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Tuesday, November 29, 2005

Annals of the First Amendment, Part I

Here's an interesting article from today's LA Times, discussing the position of religious broadcasters in an FCC debate over whether cable subscribers should be forced to purchase their programming in bundles of channels, or whether they ought to be able to purchase channels on an a la carte basis.  Although the a la carte method has been championed by anti-indecency consumer groups, a number of televangelists are opposing their usual bedfellows and arguing for a bundling method.  A public hearing will be held on the issue today by Sen. Ted Stevens.

I'm not a telecom guy and won't offer substantive thoughts on the debate.  What I find interesting about this story, from a First Amendment perspective, is that it so clearly presents two sides of a now-classic debate over how we should view the First Amendment, in which none of the folks lined up on either side of the debate are precisely where they might normally be.  The anti-indecency forces, who might otherwise favor direct content regulation but here see an opportunity for a partial victory and thus are arguing for the a la carte method, here depart from the pro-regulatory tendencies and represent a classic individualistic and libertarian vision of the First Amendment, arguing that this method lets consumers choose what they will watch.  The televangelists, on the other hand, who I think in other instances (but not all instances) might champion a traditional individual rights model of speech, are here favoring a model that can only be described as a communitarian, Owen Fiss/Cass Sunstein style of speech in which people are exposed to different viewpoints they might not otherwise find on their own; says one religious broadcaster, "We don't just want to preach to the choir; we want to reach the unchurched."  I readily admit I never thought I'd have a chance to put Owen Fiss and Pat Robertson in the same sentence.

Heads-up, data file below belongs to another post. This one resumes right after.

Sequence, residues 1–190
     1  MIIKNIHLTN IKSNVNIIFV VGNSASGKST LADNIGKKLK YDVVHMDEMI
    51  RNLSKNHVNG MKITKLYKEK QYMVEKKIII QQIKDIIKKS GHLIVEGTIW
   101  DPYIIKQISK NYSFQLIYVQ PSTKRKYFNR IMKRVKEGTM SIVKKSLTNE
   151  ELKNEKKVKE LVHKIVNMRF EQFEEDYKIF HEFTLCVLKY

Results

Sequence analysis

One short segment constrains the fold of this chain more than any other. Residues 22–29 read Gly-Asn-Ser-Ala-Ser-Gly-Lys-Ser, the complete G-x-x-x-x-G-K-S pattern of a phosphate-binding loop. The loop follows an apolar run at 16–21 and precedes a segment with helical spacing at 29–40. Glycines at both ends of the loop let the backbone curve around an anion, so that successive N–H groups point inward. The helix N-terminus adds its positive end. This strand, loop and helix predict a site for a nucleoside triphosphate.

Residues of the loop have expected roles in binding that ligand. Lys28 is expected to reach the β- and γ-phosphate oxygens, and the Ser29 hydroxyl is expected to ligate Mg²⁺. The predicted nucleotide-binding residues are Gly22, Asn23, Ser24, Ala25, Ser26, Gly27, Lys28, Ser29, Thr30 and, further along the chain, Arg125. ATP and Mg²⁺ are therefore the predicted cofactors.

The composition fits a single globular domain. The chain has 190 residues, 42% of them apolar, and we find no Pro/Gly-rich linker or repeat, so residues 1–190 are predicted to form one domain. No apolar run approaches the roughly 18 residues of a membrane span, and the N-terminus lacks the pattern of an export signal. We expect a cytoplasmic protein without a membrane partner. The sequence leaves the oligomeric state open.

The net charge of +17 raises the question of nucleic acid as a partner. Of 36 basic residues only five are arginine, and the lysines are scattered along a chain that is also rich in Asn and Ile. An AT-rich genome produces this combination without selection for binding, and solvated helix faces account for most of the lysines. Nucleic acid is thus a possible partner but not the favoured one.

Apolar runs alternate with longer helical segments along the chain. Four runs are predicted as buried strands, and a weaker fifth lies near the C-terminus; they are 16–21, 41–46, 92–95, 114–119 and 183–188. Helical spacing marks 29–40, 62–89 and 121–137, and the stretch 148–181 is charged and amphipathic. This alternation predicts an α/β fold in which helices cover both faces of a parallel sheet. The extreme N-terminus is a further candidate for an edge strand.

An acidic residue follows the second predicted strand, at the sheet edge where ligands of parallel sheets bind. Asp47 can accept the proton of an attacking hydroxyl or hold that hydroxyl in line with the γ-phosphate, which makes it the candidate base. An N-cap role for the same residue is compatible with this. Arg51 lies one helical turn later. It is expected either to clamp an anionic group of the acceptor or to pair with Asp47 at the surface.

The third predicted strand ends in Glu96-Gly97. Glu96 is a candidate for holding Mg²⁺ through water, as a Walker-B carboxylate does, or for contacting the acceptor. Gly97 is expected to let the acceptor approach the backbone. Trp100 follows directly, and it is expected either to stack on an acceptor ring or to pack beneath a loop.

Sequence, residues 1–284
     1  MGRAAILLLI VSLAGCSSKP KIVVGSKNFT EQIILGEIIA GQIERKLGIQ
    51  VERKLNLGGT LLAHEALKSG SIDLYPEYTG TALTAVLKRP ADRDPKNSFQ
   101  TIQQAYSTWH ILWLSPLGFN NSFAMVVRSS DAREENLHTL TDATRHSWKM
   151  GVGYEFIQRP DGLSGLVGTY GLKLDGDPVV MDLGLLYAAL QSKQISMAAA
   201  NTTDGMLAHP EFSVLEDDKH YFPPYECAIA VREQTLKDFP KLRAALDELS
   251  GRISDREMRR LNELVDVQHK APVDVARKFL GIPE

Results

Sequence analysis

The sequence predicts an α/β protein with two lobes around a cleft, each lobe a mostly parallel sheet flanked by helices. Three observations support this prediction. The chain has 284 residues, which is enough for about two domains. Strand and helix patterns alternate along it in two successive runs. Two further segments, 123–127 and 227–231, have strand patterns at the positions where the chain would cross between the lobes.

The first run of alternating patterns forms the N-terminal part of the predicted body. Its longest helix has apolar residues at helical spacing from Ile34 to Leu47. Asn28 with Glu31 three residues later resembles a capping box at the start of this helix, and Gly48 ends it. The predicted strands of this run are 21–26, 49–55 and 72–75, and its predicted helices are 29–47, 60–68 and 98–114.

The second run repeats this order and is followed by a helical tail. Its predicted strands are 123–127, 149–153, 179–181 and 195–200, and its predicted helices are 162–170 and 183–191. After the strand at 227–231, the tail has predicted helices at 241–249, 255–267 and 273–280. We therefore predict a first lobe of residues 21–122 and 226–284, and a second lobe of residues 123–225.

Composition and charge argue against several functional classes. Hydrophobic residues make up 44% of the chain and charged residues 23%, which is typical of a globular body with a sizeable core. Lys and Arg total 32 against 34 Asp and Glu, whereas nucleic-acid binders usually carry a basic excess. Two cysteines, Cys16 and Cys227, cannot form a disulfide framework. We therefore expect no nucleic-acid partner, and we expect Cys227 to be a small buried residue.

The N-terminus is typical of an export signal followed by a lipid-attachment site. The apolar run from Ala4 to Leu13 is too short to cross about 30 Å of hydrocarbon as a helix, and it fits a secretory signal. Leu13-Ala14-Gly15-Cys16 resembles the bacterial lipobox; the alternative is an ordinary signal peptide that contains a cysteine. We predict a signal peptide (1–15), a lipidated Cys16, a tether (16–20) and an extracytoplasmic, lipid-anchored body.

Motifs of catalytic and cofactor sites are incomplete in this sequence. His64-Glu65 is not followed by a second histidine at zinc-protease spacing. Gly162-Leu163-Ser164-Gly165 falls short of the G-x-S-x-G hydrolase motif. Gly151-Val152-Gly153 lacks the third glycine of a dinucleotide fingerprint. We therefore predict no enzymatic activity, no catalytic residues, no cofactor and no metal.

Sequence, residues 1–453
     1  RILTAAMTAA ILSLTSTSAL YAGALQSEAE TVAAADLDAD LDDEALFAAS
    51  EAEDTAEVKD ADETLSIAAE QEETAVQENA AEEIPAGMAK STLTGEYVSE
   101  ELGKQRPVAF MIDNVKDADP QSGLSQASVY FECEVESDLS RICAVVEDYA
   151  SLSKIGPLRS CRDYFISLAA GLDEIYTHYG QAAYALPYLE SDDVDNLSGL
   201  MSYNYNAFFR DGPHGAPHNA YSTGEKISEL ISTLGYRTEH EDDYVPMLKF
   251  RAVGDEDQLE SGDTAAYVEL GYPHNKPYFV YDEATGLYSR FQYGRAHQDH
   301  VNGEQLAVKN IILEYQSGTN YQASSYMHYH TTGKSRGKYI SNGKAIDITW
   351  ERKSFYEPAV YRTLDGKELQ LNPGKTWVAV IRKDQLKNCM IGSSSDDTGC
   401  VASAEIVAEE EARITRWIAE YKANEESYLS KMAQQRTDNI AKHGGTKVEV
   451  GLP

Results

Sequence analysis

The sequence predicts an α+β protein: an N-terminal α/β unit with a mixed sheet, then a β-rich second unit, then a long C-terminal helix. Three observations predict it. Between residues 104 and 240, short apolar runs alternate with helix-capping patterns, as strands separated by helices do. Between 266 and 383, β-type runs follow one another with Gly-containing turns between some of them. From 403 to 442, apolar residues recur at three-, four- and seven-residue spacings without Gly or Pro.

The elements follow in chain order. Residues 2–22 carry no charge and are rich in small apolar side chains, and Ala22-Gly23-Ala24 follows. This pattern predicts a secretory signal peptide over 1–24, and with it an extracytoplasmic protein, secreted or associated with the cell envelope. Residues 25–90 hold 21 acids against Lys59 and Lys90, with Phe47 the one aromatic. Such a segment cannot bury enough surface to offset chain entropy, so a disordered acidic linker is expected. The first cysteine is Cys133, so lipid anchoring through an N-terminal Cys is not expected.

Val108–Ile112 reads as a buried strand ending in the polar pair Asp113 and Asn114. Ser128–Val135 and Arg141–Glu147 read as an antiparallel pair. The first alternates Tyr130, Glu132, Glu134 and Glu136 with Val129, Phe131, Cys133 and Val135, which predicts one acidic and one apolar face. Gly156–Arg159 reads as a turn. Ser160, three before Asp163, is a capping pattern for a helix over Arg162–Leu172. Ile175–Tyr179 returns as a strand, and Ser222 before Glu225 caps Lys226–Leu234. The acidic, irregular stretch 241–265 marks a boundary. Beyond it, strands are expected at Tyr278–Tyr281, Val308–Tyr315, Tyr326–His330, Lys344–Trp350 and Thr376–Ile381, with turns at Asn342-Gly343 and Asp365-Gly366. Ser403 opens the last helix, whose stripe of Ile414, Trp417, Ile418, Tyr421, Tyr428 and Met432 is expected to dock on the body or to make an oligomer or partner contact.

In any event, a nice stark presentation of competing visions of the First Amendment -- one that is much more likely to occur where the broadcasting/cable media are involved, as this paper discusses.  And one should not be too surprised that some sides are making arguments here that might be unfamiliar to them in other contexts, given both the proselytization imperative for many of the faiths involved and the equally stark fact that religious broadcasting can be big, big business. 

Posted by Paul Horwitz on November 29, 2005 at 12:08 PM in Constitutional thoughts | Permalink


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